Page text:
Dan Hiser, automotive sub-foreperson

“My favorite part during this time was the sense of pride and accomplishment, seeing progress in our action, and knowing we are keeping the campus operational because of our efforts.”

Trey Coleman, driver

“My coworkers and I feel very humble knowing we are able to make a difference. Making sure people are able to move about safely on campus throughout the winter months by either pushing snow or with our salt and brine spreads is a top priority.”

Andre Moore, operating engineer

“It was great to work closely with other departments to achieve a goal for the greater good. It’s nice to see how well the campus comes together in an emergency situation. It shows me how impressive all of the skills are for every department involved.”

Steve Hahn, garage mechanic

After enough time and effort—with rays of sun helping, too—the precipitation started to wane, more and more pathways and parking lots were cleared and stayed that way.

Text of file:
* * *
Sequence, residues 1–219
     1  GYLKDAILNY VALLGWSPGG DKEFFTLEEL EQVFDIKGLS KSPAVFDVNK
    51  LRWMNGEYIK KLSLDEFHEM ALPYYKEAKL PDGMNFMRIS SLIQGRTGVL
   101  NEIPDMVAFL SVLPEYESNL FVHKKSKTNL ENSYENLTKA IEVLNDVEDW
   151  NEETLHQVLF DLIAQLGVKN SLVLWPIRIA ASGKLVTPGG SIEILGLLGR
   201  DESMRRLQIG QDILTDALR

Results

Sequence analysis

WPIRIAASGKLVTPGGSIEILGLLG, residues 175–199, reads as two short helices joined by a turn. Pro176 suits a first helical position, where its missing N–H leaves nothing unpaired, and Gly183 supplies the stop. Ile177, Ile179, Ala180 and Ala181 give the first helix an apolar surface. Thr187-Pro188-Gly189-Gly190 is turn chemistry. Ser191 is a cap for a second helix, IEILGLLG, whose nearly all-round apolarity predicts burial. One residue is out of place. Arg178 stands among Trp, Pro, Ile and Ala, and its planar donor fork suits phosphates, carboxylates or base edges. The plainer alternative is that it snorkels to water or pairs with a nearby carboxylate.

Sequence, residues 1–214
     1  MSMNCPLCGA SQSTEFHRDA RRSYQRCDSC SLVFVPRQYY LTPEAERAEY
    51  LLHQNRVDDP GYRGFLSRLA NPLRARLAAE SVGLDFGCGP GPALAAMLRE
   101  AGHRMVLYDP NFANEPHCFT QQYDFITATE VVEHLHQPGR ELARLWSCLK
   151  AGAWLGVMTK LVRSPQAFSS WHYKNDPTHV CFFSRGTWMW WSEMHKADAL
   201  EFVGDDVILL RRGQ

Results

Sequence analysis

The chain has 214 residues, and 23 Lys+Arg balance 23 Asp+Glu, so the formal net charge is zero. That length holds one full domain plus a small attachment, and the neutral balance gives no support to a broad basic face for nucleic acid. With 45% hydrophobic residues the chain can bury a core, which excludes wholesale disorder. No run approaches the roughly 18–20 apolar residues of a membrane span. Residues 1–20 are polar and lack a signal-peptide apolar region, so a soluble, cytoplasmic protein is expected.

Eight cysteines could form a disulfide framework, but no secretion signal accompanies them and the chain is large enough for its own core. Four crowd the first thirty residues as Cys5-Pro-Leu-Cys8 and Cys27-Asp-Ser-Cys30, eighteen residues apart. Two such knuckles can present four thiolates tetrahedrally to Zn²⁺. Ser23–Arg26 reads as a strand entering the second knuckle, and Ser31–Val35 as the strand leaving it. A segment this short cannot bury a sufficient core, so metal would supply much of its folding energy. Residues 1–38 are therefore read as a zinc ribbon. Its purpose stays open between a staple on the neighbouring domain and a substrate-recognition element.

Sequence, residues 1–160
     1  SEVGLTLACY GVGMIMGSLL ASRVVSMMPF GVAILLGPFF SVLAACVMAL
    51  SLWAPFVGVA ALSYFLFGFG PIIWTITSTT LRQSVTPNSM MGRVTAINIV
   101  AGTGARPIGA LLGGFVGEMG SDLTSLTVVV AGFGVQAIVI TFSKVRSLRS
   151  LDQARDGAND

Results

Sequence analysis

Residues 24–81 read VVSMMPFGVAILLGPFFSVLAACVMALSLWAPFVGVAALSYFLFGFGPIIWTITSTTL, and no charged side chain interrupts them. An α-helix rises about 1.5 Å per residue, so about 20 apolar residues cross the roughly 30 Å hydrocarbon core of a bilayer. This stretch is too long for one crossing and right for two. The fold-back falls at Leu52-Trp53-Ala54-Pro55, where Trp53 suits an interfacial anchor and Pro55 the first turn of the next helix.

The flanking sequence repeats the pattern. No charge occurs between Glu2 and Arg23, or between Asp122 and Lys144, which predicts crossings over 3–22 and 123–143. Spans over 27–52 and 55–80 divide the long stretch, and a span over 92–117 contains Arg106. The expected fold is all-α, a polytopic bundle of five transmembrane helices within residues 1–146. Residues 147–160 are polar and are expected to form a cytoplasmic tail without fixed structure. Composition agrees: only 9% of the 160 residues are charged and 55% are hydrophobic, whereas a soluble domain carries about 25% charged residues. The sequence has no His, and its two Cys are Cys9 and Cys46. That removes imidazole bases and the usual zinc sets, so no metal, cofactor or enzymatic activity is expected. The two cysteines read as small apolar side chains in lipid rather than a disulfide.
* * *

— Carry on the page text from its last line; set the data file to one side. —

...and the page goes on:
“Thank you” messages rolled in from across campus, from administrators to faculty, and even students. Again and again, they noted the extraordinary effort paired with professional customer service. More than 90 miles of sidewalks had been cleared; more than 200 buildings kept clear of ice and snow; and 147 parking lots had been addressed, after all. The official University of Illinois Twitter channel thanked F&S workers on Feb. 4 to their 93,000 followers on Twitter and 260,000 friends on Facebook.

F&S will be ready for the next winter weather event, whether that’s in 2022 or in the years to come, and the hard work of hundreds supports the very mission of the university.

Said Dr. Ehab Kamarah, F&S interim executive director, in a message to all F&S employees days after the event: “As evidenced by the many compliments I have received, the campus community greatly appreciates your dedication and professional expertise in this area. Again, I thank you, and so do the students, teachers, researchers, and staff who make this campus their personal or professional home.”

Chancellor Robert Jones was impressed, as well, shown here in a letter of thanks sent to Dr. Kamarah.